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South Korean Crypto Exchanges May Delist Hundreds of Altcoins

Tim Alper
Last updated: | 2 min read

South Korean crypto exchanges could delist “hundreds of altcoins” this year, with financial authorities ready to step up their policing of the sector.

Per the newspaper Daehan Kyungjae, the new Virtual Asset User Protection Act comes into force in July. That means that “starting next month,” regulators “will look into whether to [end] transaction support for about 600 coins on virtual asset exchanges.”

The media outlet said on June 16 that regulators are looking to “finalize a best practice plan for cryptoasset transaction support.”

The act comes into force on July 19, and is expected to shake up the industry. Fiat KRW-trading platforms, namely Upbit, Bithumb, Coinone, Korbit, and Gopax, will have to abide by its rules.

A chart showing trading volume per market pair on the Bithumb crypto exchanges on June 16, 2024.
Trading volume per market pair on the Bithumb crypto exchanges on June 16, 2024. (Source: CoinGecko)

But these same rules will also apply to over 20 other exchanges that have not yet obtained KRW trading permits, and can only offer crypto-to-crypto pairs.

South Korean regulators will reportedly force 29 platforms to “conduct an initial review to determine” whether they will delist or maintain support for the 600 or so altcoins they collectively list.

Regulators will then force exchanges to conduct “quarterly” reviews of the coins on their platforms. Exchanges must flag potentially risky tokens with “cautionary notices” before eventually delisting them.

An unnamed regulatory official told the media outlet:

“In the case of coins that are currently being traded, we will support exchanges as they review their support over a six-month period. After that, they will have to conduct maintenance reviews once every three months.”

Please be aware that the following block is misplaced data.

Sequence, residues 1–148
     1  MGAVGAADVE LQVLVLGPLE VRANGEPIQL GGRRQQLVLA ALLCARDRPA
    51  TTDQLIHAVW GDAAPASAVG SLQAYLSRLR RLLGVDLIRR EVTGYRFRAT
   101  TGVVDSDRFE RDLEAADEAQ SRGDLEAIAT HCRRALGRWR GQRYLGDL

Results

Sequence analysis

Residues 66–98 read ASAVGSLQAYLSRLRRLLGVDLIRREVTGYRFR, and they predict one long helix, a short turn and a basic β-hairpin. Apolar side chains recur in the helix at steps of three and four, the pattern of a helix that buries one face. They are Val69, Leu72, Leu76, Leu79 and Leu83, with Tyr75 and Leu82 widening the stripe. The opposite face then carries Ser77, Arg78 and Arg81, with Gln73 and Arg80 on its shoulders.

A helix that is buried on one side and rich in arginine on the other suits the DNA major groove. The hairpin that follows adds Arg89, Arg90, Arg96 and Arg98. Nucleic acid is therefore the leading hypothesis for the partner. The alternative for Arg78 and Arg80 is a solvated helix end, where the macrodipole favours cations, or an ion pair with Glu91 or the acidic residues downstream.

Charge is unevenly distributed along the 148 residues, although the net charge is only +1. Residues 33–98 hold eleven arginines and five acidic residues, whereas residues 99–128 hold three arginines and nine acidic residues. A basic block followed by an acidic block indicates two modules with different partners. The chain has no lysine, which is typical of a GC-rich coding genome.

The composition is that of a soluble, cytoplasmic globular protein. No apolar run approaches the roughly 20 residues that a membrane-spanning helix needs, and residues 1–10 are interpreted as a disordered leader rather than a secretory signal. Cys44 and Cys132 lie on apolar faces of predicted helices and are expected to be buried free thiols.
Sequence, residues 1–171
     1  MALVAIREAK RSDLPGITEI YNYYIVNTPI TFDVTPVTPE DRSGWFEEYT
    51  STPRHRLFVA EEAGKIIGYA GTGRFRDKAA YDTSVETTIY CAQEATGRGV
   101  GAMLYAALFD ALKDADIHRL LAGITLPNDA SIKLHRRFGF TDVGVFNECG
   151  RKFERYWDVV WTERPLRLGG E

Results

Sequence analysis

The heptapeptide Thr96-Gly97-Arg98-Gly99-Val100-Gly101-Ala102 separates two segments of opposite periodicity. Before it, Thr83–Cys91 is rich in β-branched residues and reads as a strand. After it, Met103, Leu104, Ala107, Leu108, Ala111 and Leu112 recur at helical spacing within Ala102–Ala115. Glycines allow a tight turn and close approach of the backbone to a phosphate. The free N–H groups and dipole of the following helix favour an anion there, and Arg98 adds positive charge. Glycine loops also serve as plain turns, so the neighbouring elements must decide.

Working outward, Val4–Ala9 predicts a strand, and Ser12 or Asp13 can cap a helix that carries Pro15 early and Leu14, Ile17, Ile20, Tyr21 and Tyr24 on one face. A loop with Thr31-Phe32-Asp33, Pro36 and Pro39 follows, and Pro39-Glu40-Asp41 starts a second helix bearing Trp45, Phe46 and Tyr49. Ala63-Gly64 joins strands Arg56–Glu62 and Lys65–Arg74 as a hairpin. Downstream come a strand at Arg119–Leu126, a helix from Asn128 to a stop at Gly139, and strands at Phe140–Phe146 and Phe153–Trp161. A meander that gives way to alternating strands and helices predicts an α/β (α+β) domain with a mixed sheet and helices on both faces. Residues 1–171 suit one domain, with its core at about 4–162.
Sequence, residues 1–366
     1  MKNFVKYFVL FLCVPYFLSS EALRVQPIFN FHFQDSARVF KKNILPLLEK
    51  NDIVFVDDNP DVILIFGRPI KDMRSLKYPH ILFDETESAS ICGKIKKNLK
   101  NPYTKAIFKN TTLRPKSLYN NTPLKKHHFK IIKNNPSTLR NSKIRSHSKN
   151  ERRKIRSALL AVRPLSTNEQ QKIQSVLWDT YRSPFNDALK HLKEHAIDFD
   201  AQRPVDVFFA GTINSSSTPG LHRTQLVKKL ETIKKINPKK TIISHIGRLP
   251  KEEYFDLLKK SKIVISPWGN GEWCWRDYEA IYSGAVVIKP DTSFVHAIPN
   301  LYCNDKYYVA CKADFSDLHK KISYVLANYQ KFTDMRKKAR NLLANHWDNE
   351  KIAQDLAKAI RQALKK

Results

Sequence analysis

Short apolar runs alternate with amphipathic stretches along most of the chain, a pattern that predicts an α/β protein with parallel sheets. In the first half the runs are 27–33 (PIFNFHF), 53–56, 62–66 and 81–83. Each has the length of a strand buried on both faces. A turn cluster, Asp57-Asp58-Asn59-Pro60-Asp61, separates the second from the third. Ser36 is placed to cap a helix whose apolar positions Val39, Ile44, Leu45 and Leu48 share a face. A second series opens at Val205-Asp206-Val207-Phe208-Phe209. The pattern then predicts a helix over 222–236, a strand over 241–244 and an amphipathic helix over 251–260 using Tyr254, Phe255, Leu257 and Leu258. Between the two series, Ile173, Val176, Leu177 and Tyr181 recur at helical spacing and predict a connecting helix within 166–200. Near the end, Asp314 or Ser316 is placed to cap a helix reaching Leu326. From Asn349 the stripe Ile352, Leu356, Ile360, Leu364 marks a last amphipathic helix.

The new law will oblige all exchanges to create a listing and delisting unit that must assess the security, reliability, and compliance credentials of the coins on their platforms.

These exchange-operated teams must assess issues pertaining to the following:

  • Social credit
  • Development
  • Issuance
  • Information disclosure
  • Transparency
  • Issuance and distribution volumes
  • Market cap
  • Conflict of interest-related matters
  • Other risks

‘Alternative Screening Requirements’ for Some Coins

In the case of truly decentralized projects such as Bitcoin and decentralized autonomous organizations (DAO)-related projects, “alternative screening requirements” will be provided.

However, regulators will likely let exchanges skip these protocols in the case of big-name tokens like Ethereum (ETH) and XRP.

The media outlet reported that “coins that have been traded for more than two years in overseas markets with stringent regulatory systems” would probably be green-lighted.

The media outlet noted that these markets included “the United States, the United Kingdom, France, Germany, Japan, Hong Kong, Singapore, India, and Australia.”

The new rules will also impose harsh penalties on exchanges that “accept” assets in “exchange for enabling transaction support.”

Several cash-for-listings scandals have rocked confidence in South Korean exchanges in recent years.

Some claim that low-cap “kimchi coins” have won listings in suspicious circumstances. In many cases, prosecutors have alleged that this has been done in an attempt to artificially spike token prices.

The changes have been in the pipelines for several years. Back in 2021, several major domestic crypto exchanges purged scores of low-cap “kimchi coins” from their platforms in apparent anticipation of regulatory action.